Dave Erley completed his final council meeting as Castle Valley mayor on Dec. 13 and was awarded a plaque during the meeting that stated “Mayor Dave Erley (2010 – 2017) with deep appreciation for your tireless work on behalf of our favorite valley, especially its water. The Town of Castle Valley.” The plaque was crafted of wood from a walnut tree that was cut down by the late Earl Hotz on the old ranch house property years ago. Bill Hedden made it. The mayor was also given a tee shirt from former mayor Bruce Keeler that read “I survived eight years as Castle Valley mayor.” The shirt was presented to Keeler 12 years ago at the conclusion of his eight-year term and he decided to pass it down to Erley who said he plans to do the same for the next mayor that serves eight years. Erley was also honored with a potluck gathering later in the month.
Incoming mayor Jazmine Duncan received the oath of office during a small informal ceremony on Tuesday, Jan. 2 at the Castle Valley Town Hall. The new council member, Harry Holland and the incumbent council member, Robert O’Brien received their oaths of office at different times later in the week. In September, the town issued a notice of cancellation of the municipal general election for Castle Valley because the number of candidates did not exceed the number of open at-large offices for which the candidates filed. No one else filed for the council seats by the end of the deadline in June and there were no write-in candidates by the deadline in September so there was no reason to hold an election.
The town council held a public hearing in January regarding a new ordinance establishing procedures for governing, amending, conditioning, revoking and enforcing town water use agreements and permits. Six people spoke against the proposed ordinance stating government over-reach and bureaucratic interests at the expense of town citizens. Town water agent John Groo said there were some valid points made that he intended to address but there were also considerable misunderstandings and distortions about what was being proposed and he wanted to address them as well. The issue was discussed again in March when several changes were made and the new ordinance was finally approved in April.
During a council meeting in May, an announcement was made about the collaborative effort between the town and the Castle Valley Fire Department to drill a well and install a large-volume pump at the Castle Valley Cemetery. The town’s road department and the fire department both need a convenient and permanent location to fill water tanks for fire and road use. The cemetery district was supportive of the project, as they will also have use of the water for a few trees and simple landscaping. The well will be built this year to see if it will support the large water demand.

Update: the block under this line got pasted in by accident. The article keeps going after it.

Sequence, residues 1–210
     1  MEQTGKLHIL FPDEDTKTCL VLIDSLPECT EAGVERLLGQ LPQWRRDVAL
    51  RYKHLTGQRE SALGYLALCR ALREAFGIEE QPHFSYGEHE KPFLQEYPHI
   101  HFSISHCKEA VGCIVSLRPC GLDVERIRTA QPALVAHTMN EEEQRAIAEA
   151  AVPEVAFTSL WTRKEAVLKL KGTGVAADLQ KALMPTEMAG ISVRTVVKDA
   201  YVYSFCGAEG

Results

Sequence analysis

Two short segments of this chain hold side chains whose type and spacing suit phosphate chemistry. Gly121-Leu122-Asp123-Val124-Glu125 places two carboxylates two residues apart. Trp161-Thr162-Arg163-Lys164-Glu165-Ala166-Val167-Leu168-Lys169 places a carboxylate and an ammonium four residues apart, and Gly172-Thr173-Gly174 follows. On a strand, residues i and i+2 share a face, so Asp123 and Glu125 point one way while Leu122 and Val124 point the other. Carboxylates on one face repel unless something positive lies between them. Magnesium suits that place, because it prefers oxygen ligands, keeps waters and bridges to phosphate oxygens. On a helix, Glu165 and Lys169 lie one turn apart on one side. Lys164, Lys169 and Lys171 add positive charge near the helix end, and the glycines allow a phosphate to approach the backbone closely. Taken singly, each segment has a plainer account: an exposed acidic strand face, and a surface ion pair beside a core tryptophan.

The town council also awarded the annual anonymous $2,500 scholarship to Alexa Pierce in June, approved survey work at all of the street dead-end cul-de-sacs to clearly identify their location for eventual road work, and approve changes to ordinance 85-3, the town’s land use law.
The Castle Valley emergency responders were called out to 25 incident in the Castle Valley area during the year. Thirteen of those calls were for medical calls and 12 were for fire related incidents. In January, the fire department put their new wildland fire engine into service after nearly a year of work by the department members and, like the town, two fire district commissioners received the oath of office without the need of an election because no others filed for the seats.
Rocky Mountain Power worked the past year to upgrade the electrical system to make the service more reliable to the Castle Valley area. In February, district manager Dan Vink told the community that the utility invested $1.5 million on upgrades since 2013 and planned to spend another $1 million in 2017 on the most troublesome 13-mile stretch from Pack Creek to the Porcupine Rim. Vink said the electrical lines serve 670 customers on the 125-mile line, which is the longest line in their system. In October the power company replaced major power poles and electrical lines at Pack Creek and Porcupine Rim to the valley floor. To do this they had to shut the power off and switched to generator power to supply electricity to the 370 customers in Castle Valley for two 12-hour days. The rest of the line went without power during those two days. There were still several power outages during the year.
Two of our long-time residents died during the year. They were David Silverman and Jay Kratz.